But if Sasha sucked again, we would be in trouble. So I guess signing Shannon as insurance is a smart move.

    And gxs (#3) — I think it was more important to get more athletic than to have an extra 3-point shoooter at this point.


  7. Taylor,
    Haven’t read Abbot’s article yet, but in a lot of cases, foreign players have played for their national teams prior to getting to the NBA. I think there is a lot more pressure there, even though the level of the competition is not as high.


  8. Loving that Brown is back in the fold.

    The Lakers have done a really great job positioning themselves for another title run. I’m liking their chances.

    They are deep, experienced, and stronger than dirt!


  9. Glad SB is back. His athleticism will be sorely needed at some point this season, and he has improved pretty consistently since he came to LA. I kinda hope we trade Sasha so he gets more consistent burn.

    Say what you want about his decision making, but dude has used his athleticism to make game/series changing plays in the playoffs in both seasons in LA. Don’t believe me? How bout 2009 Game 5 WCF.


  10. I hate Shaq (loved the 3 Laker titles, but can’t stand his attitude and his post-Laker actions), but if Shaq’s peak had been extended, he would have been the Greatest Center Of All Time, period.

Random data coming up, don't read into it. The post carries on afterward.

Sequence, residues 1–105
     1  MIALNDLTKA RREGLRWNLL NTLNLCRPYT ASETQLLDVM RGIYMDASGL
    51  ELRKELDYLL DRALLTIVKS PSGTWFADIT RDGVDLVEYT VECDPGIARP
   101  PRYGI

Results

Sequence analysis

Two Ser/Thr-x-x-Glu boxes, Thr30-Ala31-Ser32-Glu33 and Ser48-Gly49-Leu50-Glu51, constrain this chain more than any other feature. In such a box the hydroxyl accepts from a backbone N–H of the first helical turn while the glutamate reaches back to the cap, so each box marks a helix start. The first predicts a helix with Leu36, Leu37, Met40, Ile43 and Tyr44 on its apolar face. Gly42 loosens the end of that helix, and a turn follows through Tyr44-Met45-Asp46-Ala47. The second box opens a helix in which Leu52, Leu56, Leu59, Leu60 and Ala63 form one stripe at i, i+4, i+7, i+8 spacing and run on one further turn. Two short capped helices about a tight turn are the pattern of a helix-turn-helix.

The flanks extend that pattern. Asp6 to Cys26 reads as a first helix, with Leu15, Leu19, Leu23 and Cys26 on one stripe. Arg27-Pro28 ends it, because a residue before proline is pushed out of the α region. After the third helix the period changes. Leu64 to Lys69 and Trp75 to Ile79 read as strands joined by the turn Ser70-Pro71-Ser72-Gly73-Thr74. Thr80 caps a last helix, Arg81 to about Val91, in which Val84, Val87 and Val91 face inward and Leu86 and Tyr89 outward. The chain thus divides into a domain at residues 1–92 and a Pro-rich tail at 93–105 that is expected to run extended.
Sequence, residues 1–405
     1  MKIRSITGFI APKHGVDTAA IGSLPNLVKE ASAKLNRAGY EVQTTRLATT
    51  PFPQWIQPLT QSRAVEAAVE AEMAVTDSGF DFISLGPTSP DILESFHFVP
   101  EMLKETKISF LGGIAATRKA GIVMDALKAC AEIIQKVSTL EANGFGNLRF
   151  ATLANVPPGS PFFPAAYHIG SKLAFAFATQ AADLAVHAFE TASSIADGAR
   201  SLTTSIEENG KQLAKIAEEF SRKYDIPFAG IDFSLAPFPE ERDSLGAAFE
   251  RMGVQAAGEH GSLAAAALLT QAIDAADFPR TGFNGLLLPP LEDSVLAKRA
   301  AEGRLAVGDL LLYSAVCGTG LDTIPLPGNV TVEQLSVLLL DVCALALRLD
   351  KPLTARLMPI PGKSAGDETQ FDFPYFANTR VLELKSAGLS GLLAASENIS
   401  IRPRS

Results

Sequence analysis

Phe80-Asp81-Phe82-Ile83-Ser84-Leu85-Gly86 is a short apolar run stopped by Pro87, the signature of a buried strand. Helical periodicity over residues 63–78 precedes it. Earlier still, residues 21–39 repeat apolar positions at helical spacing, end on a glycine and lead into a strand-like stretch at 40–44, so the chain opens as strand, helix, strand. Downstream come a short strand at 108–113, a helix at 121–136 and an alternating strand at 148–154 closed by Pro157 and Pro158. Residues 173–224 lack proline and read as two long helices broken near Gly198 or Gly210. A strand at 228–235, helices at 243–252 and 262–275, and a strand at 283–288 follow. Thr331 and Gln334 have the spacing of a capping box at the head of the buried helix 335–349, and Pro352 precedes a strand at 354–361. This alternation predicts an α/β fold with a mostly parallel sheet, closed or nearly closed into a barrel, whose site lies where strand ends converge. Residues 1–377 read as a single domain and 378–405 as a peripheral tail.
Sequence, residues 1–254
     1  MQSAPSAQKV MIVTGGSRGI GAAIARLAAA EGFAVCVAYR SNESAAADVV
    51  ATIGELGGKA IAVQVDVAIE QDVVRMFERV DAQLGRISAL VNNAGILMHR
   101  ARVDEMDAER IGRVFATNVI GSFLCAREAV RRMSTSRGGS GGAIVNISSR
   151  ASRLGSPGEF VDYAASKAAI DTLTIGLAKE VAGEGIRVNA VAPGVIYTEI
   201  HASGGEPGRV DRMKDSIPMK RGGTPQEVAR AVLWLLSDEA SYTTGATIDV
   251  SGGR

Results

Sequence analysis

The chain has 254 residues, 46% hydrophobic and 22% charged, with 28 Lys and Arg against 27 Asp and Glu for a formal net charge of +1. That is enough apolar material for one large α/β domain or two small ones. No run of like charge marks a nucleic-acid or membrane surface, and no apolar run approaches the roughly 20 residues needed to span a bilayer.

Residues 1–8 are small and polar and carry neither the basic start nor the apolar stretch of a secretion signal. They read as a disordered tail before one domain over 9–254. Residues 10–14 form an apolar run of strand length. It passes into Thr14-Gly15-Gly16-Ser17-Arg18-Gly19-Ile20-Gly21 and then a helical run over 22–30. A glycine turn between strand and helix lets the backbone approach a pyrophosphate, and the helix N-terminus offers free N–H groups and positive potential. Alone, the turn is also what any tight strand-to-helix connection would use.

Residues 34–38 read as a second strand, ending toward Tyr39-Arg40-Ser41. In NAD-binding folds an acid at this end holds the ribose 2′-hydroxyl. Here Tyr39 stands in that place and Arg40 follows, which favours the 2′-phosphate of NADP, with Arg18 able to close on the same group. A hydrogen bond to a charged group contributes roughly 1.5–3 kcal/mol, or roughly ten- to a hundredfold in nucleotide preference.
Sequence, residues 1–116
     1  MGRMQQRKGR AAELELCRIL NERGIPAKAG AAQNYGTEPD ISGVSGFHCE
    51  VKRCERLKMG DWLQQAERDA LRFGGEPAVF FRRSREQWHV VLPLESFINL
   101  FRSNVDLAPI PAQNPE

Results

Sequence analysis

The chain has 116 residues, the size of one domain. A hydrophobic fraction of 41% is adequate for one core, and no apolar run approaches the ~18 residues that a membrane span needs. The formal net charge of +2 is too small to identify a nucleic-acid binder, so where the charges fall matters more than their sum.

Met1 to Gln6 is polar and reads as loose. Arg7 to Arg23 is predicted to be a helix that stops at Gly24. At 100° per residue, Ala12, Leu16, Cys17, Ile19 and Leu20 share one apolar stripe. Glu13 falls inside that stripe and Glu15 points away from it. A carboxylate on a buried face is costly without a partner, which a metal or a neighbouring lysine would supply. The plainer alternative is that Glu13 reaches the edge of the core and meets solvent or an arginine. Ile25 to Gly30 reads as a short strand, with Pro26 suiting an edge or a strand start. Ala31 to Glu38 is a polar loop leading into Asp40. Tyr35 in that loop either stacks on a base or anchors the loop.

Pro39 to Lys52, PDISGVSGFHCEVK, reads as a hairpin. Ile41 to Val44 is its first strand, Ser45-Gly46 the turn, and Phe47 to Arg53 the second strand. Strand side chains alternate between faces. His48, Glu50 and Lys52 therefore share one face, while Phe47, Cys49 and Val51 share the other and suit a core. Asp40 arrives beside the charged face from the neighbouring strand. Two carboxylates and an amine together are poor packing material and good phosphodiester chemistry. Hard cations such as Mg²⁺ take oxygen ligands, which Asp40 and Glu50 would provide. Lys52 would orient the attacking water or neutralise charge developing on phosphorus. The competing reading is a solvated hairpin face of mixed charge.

As is, I rate him behind only Wilt and Jabbar. And the fact is, Jabbar belongs in the GOAT discussion far more often than he is mentioned.


  11. Re: Barnes vs Brown at SG

    I hate to again be so blunt… (OK that isn’t true ;>) but Shannon Brown just isn’t a very good basketball player. The guy was almost out of the NBA until he was traded to a very thin Lakers roster. Matt Barnes is a guy who has played heavy minutes and started for NBA teams including a very good and deep Magic squad last year. Barnes is indeed a quality ball handler and his turnover ratio will drop just as Artest’s did last season because there are few isolation plays in the triangle. Lets not get fooled by Browns PG height… he is a very poor ball handler and an equally poor pass maker. Barnes is no Magic but he has slightly better guard skills than Shannon Brown. Throw in the fact that the back up SG for the Lakers plays most of his minutes with Lamar Odom who actually plays the guard spot in the offense along with the PG on the floor. So the team needs even less guard skills from the “back up SG.” while needing more defense. And of course we haven’t mentioned the height disadvantage Brown was at last year when he did play SG. But most importantly Barnes is just a better player. It would be a waste of his skills to limit him to 12 minutes a game backing up Ron Artest when he can get his 24 minutes a game backing up both Artest and Kobe.


  12. Scott,
    We have been down that road on this blog many times. Most any of us over 30 will not totally agree with you. Whether it was maximizing his talent or his competition, there are players who rate higher than Shaq at the center position, never mind Laker GOAT.


  13. Welcome back Shannon 😀 Let’s make sure to hit a dunk over J Rich this year!

    Also: Great link to Rob Mahoney’s positional analysis, Darius. I’ve been thinking about this for a long time too.